Ratings Raised On Two Classes From SLM Student Loan Trust 2006-4 After Swap Termination

  • We raised our ratings on two classes from SLM Student Loan Trust 2006-4, which is collateralized by FFELP consolidation student loans.
  • The raised ratings follow the amendment of the class A-6 bonds into U.S. dollars from euros and the subsequent termination of the cross-currency swaps on class A-6.
NEW YORK (S&P Global Ratings) Jan. 24, 2019--S&P Global Ratings today raised 
its ratings on two classes from SLM Student Loan Trust 2006-4 (see list). The 
trust is collateralized by consolidation student loans originated through the 
U.S. government's Federal Family Education Loan Program (FFELP).

We considered the transaction's collateral performance, changes in credit 
enhancement, and capital and payment structures in our review. We also 
considered secondary credit factors, such as credit stability, peer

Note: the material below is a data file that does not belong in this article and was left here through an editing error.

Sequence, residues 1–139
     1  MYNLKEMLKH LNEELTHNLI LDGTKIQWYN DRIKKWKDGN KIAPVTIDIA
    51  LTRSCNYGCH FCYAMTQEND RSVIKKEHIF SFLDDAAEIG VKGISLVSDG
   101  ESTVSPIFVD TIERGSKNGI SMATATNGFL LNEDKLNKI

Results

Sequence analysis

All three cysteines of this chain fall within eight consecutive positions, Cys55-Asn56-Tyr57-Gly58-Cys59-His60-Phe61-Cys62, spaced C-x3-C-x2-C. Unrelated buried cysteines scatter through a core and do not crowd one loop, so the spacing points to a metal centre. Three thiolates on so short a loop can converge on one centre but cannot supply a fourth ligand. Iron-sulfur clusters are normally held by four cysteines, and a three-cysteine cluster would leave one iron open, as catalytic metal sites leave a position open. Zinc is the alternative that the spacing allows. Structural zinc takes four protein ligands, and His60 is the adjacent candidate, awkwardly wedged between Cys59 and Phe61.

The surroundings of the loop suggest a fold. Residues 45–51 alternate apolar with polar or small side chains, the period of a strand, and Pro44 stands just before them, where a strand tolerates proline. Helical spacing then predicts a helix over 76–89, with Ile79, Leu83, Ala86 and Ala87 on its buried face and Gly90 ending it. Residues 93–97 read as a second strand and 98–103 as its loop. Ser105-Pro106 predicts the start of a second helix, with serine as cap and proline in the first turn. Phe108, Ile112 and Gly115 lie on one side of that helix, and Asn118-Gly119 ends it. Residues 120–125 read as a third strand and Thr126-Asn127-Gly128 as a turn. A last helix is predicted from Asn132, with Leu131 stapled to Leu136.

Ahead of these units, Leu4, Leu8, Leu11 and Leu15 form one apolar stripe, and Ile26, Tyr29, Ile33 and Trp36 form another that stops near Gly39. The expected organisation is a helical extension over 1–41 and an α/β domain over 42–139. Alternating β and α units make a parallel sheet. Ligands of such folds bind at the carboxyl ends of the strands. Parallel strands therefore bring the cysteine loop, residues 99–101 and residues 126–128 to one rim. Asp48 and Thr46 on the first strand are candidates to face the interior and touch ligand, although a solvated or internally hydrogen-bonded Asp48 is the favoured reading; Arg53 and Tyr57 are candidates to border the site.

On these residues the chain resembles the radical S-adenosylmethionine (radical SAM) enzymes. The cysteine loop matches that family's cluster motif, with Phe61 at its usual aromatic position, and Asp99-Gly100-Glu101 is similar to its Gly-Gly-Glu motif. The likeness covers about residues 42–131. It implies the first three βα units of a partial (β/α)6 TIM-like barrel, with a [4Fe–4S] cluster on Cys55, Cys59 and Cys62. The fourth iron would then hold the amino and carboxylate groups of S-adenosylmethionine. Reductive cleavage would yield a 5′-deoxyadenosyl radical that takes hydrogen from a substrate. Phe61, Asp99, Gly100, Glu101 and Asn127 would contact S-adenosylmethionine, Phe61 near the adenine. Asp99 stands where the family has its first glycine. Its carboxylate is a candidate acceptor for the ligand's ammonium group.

comparison, and an issuer-specific analysis.

The class A-6 bond from series 2006-4 was amended to be a U.S. 
dollar-denominated obligation from its prior euro denomination, which 
terminated the two swap agreements for this bond with its counterparties. As a 
result of the terminations, we no longer need to apply our counterparty 
criteria regarding derivatives to this class (see "Counterparty Risk Framework 
Methodology And Assumptions," published June 25, 2013). However, we continue 
to apply our criteria for treating the U.S. government in its role as an 
insurer or guarantor as well as government agency loan-level support in 
structured finance transactions (see "U.S. Government Support In Structured 
Finance And Public Finance Ratings," published Sept. 19, 2011).
We raised our rating on the class A-6 bond from series 2006-4 to 'AA+ (sf)', 
which is constrained by the classes' inability to absorb the 15% haircut we 
apply to the cash inflows received from the U.S. federal government under 
FFELP in a 'AAA' stress scenario, as explained in our criteria. The rating on 
the class B bonds, which we raised to 'AA (sf)', reflects the stronger 
position of the class A notes due to their senior priority in the payment 

Additionally, based on the historical principal paydown of the notes and the 
transaction's structural features, we expect that they will be paid in full by 
their respective legal final maturity dates.

We will continue to review whether, in our view, the ratings assigned to the 
bonds remain consistent with the credit enhancement available to support them, 
and will take rating actions as we deem necessary.